Fusion proteins that specifically interact with biochemical marks on chromosomes represent a new class of synthetic transcriptional regulators that decode cell state information rather than deoxyribose nucleic acid (DNA) sequences. In multicellular organisms, information relevant to cell state, tissue identity, and oncogenesis is often encoded as biochemical modifications of histones, which are bound to DNA in eukaryotic nuclei and regulate gene expression states. In 2011, Haynes et al. showed that a synthetic regulator called the Polycomb chromatin Transcription Factor (PcTF), a fusion protein that binds methylated histones, reactivated an artificially-silenced luciferase reporter gene. These synthetic transcription activators are derived from the polycomb repressive complex (PRC) and associate with the epigenetic silencing mark H3K27me3 to reactivate the expression of silenced genes. It is demonstrated here that the duration of epigenetic silencing does not perturb reactivation via PcTF fusion proteins. After 96 hours PcTF shows the strongest reactivation activity. A variant called Pc2TF, which has roughly double the affinity for H3K27me3 in vitro, reactivated the silenced luciferase gene by at least 2-fold in living cells.

Contributors

Agent

Created

Date Created
2019

161972-Thumbnail Image.png

Spatial Temporal Patterning and Dynamics of E. Coli Growth with Nutrient Variation

Description

Synthetic biology (SB) has become an important field of science focusing on designing and engineering new biological parts and systems, or re-designing existing biological systems for useful purposes. The dramatic growth of SB throughout the past two decades has not

Synthetic biology (SB) has become an important field of science focusing on designing and engineering new biological parts and systems, or re-designing existing biological systems for useful purposes. The dramatic growth of SB throughout the past two decades has not only provided us numerous achievements, but also brought us more timely and underexplored problems. In SB's entire history, mathematical modeling has always been an indispensable approach to predict the experimental outcomes, improve experimental design and obtain mechanism-understanding of the biological systems. \textit{Escherichia coli} (\textit{E. coli}) is one of the most important experimental platforms, its growth dynamics is the major research objective in this dissertation. Chapter 2 employs a reaction-diffusion model to predict the \textit{E. coli} colony growth on a semi-solid agar plate under multiple controls. In that chapter, a density-dependent diffusion model with non-monotonic growth to capture the colony's non-linear growth profile is introduced. Findings of the new model to experimental data are compared and contrasted with those from other proposed models. In addition, the cross-sectional profile of the colony are computed and compared with experimental data. \textit{E. coli} colony is also used to perform spatial patterns driven by designed gene circuits. In Chapter 3, a gene circuit (MINPAC) and its corresponding pattern formation results are presented. Specifically, a series of partial differential equation (PDE) models are developed to describe the pattern formation driven by the MINPAC circuit. Model simulations of the patterns based on different experimental conditions and numerical analysis of the models to obtain a deeper understanding of the mechanisms are performed and discussed. Mathematical analysis of the simplified models, including traveling wave analysis and local stability analysis, is also presented and used to explore the control strategies of the pattern formation. The interaction between the gene circuit and the host \textit{E. coli} may be crucial and even greatly affect the experimental outcomes. Chapter 4 focuses on the growth feedback between the circuit and the host cell under different nutrient conditions. Two ordinary differential equation (ODE) models are developed to describe such feedback with nutrient variation. Preliminary results on data fitting using both two models and the model dynamical analysis are included.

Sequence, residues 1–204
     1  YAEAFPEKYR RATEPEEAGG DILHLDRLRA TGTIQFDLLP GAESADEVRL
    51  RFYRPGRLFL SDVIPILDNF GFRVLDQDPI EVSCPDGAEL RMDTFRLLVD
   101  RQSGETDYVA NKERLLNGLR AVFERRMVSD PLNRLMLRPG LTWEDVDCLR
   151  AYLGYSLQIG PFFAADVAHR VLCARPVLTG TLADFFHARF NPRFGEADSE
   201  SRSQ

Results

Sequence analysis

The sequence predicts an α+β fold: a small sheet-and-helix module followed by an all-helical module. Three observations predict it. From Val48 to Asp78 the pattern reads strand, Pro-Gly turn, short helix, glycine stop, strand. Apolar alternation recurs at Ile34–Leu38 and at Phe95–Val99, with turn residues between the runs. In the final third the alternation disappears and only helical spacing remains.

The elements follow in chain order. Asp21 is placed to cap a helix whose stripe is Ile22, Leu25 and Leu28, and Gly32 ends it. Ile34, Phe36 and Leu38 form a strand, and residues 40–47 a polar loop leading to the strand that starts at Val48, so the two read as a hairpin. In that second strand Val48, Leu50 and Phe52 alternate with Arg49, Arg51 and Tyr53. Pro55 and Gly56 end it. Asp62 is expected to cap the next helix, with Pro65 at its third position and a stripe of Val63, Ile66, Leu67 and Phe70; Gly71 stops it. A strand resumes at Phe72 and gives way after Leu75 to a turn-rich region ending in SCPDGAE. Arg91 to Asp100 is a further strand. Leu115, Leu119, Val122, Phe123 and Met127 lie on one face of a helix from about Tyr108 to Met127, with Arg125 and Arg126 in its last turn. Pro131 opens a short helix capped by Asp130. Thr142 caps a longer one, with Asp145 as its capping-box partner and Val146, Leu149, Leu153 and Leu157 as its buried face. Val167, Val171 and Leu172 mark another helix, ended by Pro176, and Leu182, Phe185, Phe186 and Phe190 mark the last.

Contributors

Agent

Created

Date Created
2021